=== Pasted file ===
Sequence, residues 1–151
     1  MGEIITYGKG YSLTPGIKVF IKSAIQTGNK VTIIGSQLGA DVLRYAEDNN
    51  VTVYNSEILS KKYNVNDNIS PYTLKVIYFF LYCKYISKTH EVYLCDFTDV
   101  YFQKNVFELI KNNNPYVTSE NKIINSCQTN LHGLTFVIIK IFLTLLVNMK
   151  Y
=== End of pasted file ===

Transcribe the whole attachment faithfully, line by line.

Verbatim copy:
Sequence, residues 1–151
     1  MGEIITYGKG YSLTPGIKVF IKSAIQTGNK VTIIGSQLGA DVLRYAEDNN
    51  VTVYNSEILS KKYNVNDNIS PYTLKVIYFF LYCKYISKTH EVYLCDFTDV
   101  YFQKNVFELI KNNNPYVTSE NKIINSCQTN LHGLTFVIIK IFLTLLVNMK
   151  Y